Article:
The Field of Space Law

by ursavoice


By Jenn Henry
J.D. Candidate 2013, UCI Law
For Space Law Society


    When “space law” is first raised in conversation, some variation on the following question usually follows: “So what exactly is space law? Is that like … space [horizontal arm motions] or … space [vertical arm motions]?”

    A good answer is: both. Scholar Christy Collis at the Queensland University of Technology writes that we should think of outer space as an extension of Earth. Indeed, “space law” is “Earth law”: especially torts, contracts, international law, and administrative law. It involves state statutes passed in Virginia, New Mexico, Florida, and Texas to limit tort liability for spaceflight companies. It involves multimillion dollar contracts between companies like Space Systems/Loral and AsiaSat for construction of commercial telecommunications satellites. It involves the Inter-Agency Space Debris Coordination Committee, an international governmental forum, and the guidelines they publish covering “space trash.” It can involve statutes—although Newt Gingrich’s lunatic vow to build a Moon base seemed to come out of nowhere. Thirty years ago, he actually proposed legislation laying out procedures for space territories to apply for statehood in the ill-fated National Space and Aeronautics Policy Act (H.R. 4286) introduced in 1981. Space law can even involve property law: scholar Beth O’Leary at New Mexico State University has been spearheading efforts to extend legal historic preservation protections, which are largely state-based, to artifacts of the American space program left on the Moon.

    As a result, new lawyers have a wide variety of ways to practice space law, whether they are interested in practicing space law exclusively or not. Even summer and UCDC semester opportunities for 1Ls and 2Ls exist that revolve primarily around space law: legal interns work at federal agencies (NASA, the Federal Communications Commission, the White House Office of Science and Technology Policy, and the Federal Aviation Administration) and private space companies (like SpaceX and Intelsat, especially good opportunities for law students with a strong background in engineering). BigLaw firm Jones Day boasts a growing space law practice area in its Washington, DC, office spearheaded by Senior Telecommunications Counsel Dr. Del Smith, a prominent figure in telecommunications law.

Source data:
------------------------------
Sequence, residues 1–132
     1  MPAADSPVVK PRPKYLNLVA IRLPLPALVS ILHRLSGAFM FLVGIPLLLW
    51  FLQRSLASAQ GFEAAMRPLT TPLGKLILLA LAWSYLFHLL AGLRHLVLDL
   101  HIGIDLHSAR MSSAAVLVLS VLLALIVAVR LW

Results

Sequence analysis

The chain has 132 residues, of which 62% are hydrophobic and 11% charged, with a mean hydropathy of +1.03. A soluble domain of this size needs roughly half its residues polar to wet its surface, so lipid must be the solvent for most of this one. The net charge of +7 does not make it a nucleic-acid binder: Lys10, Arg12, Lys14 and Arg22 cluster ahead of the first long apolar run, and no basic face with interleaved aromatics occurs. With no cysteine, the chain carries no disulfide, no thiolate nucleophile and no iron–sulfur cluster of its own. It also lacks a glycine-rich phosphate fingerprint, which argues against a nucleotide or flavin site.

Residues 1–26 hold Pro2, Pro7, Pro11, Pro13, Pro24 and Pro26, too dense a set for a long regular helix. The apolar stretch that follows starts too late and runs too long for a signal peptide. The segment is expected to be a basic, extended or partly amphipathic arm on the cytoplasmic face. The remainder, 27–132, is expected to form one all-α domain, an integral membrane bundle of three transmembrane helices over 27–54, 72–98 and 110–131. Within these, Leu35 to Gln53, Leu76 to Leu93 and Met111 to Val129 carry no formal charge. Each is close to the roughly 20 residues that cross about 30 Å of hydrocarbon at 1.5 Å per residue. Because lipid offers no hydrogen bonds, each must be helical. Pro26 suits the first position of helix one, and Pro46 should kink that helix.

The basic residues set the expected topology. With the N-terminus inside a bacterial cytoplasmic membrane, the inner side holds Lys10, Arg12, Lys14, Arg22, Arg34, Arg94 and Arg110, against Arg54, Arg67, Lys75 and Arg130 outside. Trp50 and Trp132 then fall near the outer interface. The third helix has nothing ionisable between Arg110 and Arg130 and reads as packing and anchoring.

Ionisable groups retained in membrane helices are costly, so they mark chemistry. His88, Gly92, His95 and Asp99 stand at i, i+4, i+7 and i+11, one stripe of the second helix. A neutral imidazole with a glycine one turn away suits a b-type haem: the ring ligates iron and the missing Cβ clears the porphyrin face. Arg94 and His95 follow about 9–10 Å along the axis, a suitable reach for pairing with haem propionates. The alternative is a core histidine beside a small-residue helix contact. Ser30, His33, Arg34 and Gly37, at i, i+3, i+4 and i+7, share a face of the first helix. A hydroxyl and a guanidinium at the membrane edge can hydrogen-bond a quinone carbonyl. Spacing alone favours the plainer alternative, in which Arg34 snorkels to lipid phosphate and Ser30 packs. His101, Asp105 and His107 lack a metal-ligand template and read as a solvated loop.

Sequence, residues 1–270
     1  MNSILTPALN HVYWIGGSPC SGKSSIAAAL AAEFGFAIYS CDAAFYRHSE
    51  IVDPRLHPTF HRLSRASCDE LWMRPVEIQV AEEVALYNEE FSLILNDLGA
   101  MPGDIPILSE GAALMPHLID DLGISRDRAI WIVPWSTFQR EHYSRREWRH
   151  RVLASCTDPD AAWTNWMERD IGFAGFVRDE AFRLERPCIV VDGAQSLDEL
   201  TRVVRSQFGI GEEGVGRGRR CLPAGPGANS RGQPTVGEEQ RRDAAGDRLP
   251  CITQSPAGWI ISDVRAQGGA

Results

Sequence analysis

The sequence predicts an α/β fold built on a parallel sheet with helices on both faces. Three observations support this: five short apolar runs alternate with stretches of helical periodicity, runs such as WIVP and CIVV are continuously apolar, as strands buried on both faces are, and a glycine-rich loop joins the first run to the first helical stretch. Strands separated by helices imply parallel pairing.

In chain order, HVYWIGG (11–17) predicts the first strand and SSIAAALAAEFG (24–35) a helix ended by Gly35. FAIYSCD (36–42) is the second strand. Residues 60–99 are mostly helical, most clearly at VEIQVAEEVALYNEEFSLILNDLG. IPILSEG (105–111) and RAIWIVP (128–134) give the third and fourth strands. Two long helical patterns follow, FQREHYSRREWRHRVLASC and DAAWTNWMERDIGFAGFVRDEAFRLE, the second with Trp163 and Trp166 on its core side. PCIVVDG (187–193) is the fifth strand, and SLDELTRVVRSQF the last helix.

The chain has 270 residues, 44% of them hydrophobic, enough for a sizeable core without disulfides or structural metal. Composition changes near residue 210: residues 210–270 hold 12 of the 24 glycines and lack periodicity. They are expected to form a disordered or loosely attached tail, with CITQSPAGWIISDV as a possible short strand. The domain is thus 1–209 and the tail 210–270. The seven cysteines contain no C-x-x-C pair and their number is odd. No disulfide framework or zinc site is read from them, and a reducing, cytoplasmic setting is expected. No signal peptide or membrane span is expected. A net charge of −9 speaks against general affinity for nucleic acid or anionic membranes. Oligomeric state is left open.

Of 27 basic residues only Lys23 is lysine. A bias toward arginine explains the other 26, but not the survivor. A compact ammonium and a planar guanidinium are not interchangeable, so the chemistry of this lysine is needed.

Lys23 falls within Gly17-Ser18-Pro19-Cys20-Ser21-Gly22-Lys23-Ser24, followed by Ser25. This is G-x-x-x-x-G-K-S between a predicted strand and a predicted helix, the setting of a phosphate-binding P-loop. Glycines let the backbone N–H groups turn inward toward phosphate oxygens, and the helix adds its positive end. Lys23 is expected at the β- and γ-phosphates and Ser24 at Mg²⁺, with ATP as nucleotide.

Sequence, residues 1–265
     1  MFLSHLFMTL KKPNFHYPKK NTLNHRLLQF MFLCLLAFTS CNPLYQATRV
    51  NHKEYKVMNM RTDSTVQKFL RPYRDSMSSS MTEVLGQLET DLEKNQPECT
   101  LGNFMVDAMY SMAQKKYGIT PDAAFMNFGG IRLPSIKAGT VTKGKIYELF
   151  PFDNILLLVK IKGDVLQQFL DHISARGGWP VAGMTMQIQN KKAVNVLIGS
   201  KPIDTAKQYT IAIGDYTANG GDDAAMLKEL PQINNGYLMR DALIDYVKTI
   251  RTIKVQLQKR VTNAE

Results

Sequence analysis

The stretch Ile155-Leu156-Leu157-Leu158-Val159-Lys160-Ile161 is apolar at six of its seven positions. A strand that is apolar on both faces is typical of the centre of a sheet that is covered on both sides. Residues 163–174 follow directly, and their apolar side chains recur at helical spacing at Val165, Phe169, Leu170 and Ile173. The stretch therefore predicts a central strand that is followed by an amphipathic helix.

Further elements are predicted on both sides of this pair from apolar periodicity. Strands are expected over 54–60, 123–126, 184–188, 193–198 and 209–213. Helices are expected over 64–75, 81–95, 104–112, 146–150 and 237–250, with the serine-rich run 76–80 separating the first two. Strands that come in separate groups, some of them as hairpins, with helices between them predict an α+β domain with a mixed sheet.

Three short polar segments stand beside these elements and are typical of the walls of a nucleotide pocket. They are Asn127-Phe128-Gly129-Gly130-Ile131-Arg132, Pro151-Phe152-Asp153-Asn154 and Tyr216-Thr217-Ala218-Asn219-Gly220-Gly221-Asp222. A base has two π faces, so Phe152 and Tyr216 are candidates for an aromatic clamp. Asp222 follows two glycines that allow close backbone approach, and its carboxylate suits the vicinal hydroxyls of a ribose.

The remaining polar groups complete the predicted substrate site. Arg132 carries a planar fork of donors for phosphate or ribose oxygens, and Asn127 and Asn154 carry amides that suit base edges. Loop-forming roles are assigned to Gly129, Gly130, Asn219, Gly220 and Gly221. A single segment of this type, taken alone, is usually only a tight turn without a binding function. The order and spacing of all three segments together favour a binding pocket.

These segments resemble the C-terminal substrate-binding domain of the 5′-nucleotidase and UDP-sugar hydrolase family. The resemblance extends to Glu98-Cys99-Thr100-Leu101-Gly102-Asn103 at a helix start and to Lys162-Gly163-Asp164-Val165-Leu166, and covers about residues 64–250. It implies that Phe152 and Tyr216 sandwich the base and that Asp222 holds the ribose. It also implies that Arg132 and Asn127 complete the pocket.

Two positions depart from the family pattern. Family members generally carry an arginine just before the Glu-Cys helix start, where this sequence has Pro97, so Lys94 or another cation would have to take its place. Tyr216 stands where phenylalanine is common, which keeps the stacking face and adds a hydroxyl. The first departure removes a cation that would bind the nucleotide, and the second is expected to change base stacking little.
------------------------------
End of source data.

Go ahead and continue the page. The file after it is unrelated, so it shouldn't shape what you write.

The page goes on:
There are also career opportunities in academics: the University of Mississippi has a space law program, the University of Nebraska-Lincoln has a space law LL.M. program, McGill University in Montreal, Canada, has a dedicated institute for air and space law, and George Washington University has a Space Policy Institute. Georgetown University Law Center has also offered a space law seminar. As an academic project, space is a particularly interesting way to investigate issues with broader relevance, especially jurisdiction and the influence of private companies on the development of law.

    The Space Law Society’s mission is to examine the laws governing human activity in space. It seeks to familiarize students with this body of law through courses, events, and partnerships with outside organizations. In 2011, it partnered with the Prosperitas Idea Incubator at the Paul Merage School of Business to bring “Private Space Travel: The Next American Tech Boom—California’s New Industry?” to the law school, a panel of space travel innovators including George T. Whitesides, CEO and President of Virgin Galactic, Andrew Nelson, COO of XCOR, and Stuart Witt, the manager of the Mojave Air and Space Port, where they shared their thoughts on the biggest legal hurdles to their development. The society hosted Professor Matthew Schaefer, Director of the University of Nebraska, Lincoln Space and Telecom Law Program, to introduce space law issues to a group of UCI Law students, including commercial space travel liability laws and orbital debris issues. Finally, it organized an informal social outing for students to visit the Griffith Observatory last fall.

    If space law, space law job opportunities, or Space Law Society events sound interesting to you, please do not hesitate to contact Jenn ( or Brian ( to be added to the Space Law Society mailing list, or visit


Jenn Henry writes in the Space Law Society space this week, but the views expressed are her own.